Peter_S
Posts: 98
Joined: Oct 2018

That was truly one of the loveliest things said me in quite some time. I'll be holding all of your hands too. Funny you should mention opioids making you itchy they have the same effect on me but the hydrocodone I take for neuropathy gives me such relief from the pain that the trade off is worth it. I think I'll ask about an epidural too, couldn't hurt (yuk yuk) Thank you for the great advice and I'll stay as busy as I can and walk as much as I can prior to surgery. Which speaking of best of luck on your up coming one in Feb, I hope I 'll be seeing that cute little birdie of yours (chickadee?) many times before that.

Peter 

abrub's picture
abrub
Posts: 2097
Joined: Mar 2010

That's not an automatic, you do have to request it, but BOY is it worth it!  I've had them for my last 2 (3?) surgeries, and they made a huge difference.  (Unlike the epidurals given to women in labor, you still have use of your legs and will be able to walk.)  I had mine for 5 days last time.  They started me with fentanyl, but I started to itch, so they just used one of the caine drugs after that (bipuvacaine) which worked well.  

Thanks!  I'll be looking for more support as my next surgery draws closer.  And the bird in my picture is a Bluebird that was on our feeder.

Alice

Peter_S's picture
Peter_S
Posts: 98
Joined: Oct 2018

And I'm loving that the epidural works so well, tomorrow I'm calling to request one or at least learn more about it. The surgeon was talking to me about a Morphine drip and Dilaudid I was just looking for got the assurnace that pain will be well managed an epidural never came up, but I'll bring it up. It seems most everyone here has had numerous surgeries I wonder why that is, that's a stupid question I suppose because the answer must be that this pesky cancer comes back - ugh. In my case if I do get an ostomy of some type I'll have another surgery to reverse it so that I get and totally understand. I hope my cancer stays put but I guess only the shadow knows.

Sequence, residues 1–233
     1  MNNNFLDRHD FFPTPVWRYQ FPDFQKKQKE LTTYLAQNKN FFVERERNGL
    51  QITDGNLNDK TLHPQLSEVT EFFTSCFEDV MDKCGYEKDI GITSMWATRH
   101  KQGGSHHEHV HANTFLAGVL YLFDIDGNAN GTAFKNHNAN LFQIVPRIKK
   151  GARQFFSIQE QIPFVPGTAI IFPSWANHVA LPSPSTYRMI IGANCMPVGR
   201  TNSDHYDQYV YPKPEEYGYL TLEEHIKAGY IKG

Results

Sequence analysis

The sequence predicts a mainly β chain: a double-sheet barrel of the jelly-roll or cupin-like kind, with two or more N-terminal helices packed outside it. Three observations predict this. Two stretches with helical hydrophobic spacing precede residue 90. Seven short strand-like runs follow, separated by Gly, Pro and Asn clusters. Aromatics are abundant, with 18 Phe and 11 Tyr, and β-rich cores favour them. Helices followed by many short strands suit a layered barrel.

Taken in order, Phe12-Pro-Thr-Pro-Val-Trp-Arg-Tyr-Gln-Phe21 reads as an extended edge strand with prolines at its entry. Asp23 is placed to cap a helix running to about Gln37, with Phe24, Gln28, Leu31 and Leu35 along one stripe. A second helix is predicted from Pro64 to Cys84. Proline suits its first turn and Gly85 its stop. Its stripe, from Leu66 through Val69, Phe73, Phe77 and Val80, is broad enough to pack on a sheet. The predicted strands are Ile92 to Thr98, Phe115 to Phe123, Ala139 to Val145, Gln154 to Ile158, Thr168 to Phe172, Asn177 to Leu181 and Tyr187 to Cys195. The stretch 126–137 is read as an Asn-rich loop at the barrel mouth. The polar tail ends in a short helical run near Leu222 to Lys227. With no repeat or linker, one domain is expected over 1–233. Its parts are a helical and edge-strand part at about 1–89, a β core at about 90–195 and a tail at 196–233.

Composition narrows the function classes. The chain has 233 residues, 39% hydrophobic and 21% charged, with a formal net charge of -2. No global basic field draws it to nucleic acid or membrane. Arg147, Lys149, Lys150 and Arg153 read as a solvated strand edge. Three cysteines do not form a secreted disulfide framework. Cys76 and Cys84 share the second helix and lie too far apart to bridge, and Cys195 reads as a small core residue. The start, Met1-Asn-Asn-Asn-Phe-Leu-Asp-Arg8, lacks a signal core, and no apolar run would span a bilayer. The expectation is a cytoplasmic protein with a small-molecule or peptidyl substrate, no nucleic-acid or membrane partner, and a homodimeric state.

Alice I am sorry you have to have another one, it's scary and it hurts I do know this from experiance although this is the largest operation I've ever had - but please know I'll be here cheering you on ( literally, I have these huge pom poms and do a good deal of cheering on) and at 60 I'm quite accomplished at it. I'll also be wishing you well and hoping for a speedy and comfy recovery for both of us, thanks again - Peter

JanJan63's picture
JanJan63
Posts: 2482
Joined: Sep 2014

I'm so glad you like the surgeon. They should make you feel like you have one less worry because they're going to handle it no problem. Mine made me feel very safe in his hands. That's so important. He's very straightforward and explains everything in language I can understand without sounding patronizing. The day I had my resection surgery he got my daughter's cell phone number so he could call her directly to let her know how it went, which he did. My husband was working out of town and unable to be reached. 

To me it's important to have someone in my corner who is confident. I don't need the fuzzy wuzzy soft touch. In fact, I find it annoying. My oncologist is also straight forward and I really like her.

So you're one step closer to getting better Peter. Thank goodness they're doing it rather quickly.

Jan

Peter_S's picture
Peter_S
Posts: 98
Joined: Oct 2018